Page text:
Article

D-cycloserine, a partial agonist at the glycine site coupled to N-methyl-D-aspartate receptors, improves visual recognition memory in rhesus monkeys.

Laboratory of Neuropsychology, National Institute of Mental Health, Bethesda, Maryland, USA.
Journal of Pharmacology and Experimental Therapeutics (Impact Factor: 3.86). 09/1996; 278(2):891-7.
Source: PubMed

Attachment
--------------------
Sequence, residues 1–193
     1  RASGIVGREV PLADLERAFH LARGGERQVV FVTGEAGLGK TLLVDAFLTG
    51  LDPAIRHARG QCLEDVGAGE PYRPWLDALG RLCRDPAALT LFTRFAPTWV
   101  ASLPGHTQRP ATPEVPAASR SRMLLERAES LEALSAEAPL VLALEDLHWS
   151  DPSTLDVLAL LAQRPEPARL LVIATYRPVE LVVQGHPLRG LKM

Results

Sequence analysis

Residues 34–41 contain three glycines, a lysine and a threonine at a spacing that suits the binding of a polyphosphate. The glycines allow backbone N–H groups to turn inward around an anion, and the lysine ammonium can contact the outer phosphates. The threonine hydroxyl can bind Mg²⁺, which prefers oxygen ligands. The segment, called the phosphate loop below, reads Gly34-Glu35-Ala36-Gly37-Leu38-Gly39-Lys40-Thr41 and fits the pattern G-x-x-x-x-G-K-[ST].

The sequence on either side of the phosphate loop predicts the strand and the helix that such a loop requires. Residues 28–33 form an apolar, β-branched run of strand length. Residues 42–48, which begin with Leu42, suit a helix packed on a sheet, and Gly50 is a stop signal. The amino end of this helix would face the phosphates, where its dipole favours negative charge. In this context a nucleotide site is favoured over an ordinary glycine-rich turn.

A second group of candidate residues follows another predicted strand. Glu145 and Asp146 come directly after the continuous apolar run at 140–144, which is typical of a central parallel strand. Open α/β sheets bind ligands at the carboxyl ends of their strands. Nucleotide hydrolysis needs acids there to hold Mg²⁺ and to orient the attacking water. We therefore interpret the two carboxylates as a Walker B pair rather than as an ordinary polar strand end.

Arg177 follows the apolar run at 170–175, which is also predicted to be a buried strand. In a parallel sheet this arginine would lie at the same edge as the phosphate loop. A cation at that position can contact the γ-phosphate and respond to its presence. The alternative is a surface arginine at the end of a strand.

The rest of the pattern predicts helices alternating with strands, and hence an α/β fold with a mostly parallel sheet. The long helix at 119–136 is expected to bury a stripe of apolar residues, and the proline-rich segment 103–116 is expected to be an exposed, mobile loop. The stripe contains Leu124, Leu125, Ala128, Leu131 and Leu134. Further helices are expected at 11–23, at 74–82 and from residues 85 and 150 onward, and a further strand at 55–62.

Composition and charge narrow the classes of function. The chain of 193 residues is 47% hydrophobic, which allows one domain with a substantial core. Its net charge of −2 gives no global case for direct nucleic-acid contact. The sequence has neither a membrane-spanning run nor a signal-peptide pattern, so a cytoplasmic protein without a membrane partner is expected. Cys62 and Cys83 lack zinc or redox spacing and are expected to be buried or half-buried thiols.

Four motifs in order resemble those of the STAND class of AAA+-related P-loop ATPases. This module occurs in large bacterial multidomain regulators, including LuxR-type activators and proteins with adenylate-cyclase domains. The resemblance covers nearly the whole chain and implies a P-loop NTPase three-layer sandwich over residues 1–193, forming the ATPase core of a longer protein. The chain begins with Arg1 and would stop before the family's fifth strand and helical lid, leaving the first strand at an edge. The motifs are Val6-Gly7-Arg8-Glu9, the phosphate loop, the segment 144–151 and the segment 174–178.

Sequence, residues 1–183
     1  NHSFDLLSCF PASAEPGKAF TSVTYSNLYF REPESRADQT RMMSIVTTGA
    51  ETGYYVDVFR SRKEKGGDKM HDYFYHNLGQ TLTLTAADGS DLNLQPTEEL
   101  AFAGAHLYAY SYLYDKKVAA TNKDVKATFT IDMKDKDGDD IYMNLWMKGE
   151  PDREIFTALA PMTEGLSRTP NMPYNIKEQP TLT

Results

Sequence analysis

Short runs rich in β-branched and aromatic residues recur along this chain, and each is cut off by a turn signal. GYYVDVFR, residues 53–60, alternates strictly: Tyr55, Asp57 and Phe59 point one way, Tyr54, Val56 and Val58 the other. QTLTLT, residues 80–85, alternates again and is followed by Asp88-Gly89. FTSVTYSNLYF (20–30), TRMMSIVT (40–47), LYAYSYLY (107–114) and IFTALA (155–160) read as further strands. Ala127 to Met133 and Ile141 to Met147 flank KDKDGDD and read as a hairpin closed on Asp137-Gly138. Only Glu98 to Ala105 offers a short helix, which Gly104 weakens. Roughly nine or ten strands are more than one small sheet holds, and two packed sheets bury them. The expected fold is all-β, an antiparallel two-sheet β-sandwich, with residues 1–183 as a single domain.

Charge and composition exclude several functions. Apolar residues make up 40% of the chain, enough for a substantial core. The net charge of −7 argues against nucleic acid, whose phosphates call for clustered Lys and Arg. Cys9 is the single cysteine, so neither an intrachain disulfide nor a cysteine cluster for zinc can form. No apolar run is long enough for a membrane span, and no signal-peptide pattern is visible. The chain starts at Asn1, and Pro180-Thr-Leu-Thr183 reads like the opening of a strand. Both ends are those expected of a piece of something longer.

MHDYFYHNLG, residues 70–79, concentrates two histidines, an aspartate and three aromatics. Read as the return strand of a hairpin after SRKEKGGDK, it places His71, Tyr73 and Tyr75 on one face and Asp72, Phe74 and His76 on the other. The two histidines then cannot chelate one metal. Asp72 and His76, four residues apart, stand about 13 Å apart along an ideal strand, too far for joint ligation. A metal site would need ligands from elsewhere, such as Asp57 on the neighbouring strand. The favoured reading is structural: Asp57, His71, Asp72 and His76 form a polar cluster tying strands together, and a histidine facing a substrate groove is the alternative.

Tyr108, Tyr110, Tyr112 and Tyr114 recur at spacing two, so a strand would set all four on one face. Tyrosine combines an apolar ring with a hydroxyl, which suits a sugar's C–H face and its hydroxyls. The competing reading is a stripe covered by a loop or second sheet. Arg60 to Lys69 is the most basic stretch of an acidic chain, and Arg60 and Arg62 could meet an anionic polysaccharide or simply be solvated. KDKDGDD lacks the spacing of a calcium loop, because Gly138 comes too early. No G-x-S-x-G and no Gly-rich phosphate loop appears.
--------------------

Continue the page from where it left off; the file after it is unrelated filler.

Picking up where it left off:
ABSTRACT Strychnine-insensitive glycine binding sites have recently been shown to positively modulate N-methyl-D-aspartate (NMDA) receptors. In the present study, the effects on recognition memory of D-cycloserine, a partial agonist at the glycine modulatory site on the NMDA receptor, were evaluated in rhesus monkeys performing a computer-automated version of delayed nonmatching-to-sample (DNMS) with a list length of 20 trail-unique graphic symbols. Single administration of D-cycloserine (100-1000 micrograms/kg i.m.) facilitated DNMS performance significantly with an inverted U-shaped dose-response curve when given 30 min before testing. To assess further the possible neural mechanisms, D-cycloserine was evaluated for its effects on the memory impairments after blockade of the glycine sites by HA-966, N-methyl-D-aspartate receptors by MK-801, or cholinergic receptors by scopolamine. D-Cycloserine completely reversed the visual recognition memory deficits produced by HA-966 (3.2 mg/kg i.m.). D-Cycloserine also dose-dependently and significantly restored the memory deficits produced by MK-801 (32 micrograms/kg i.m.). In addition, D-cycloserine produced a partial, though significant, improvement on the recognition memory deficits after cholinergic blockade with scopolamine (10 micrograms/kg i.m.). From these results, we propose that D-cycloserine has a cognition-enhancing property in non-human primates and that it may have a potential value in treating dementias. Furthermore, the present results provide new evidence for the important role for the glycine sites in the regulation of recognition memory.

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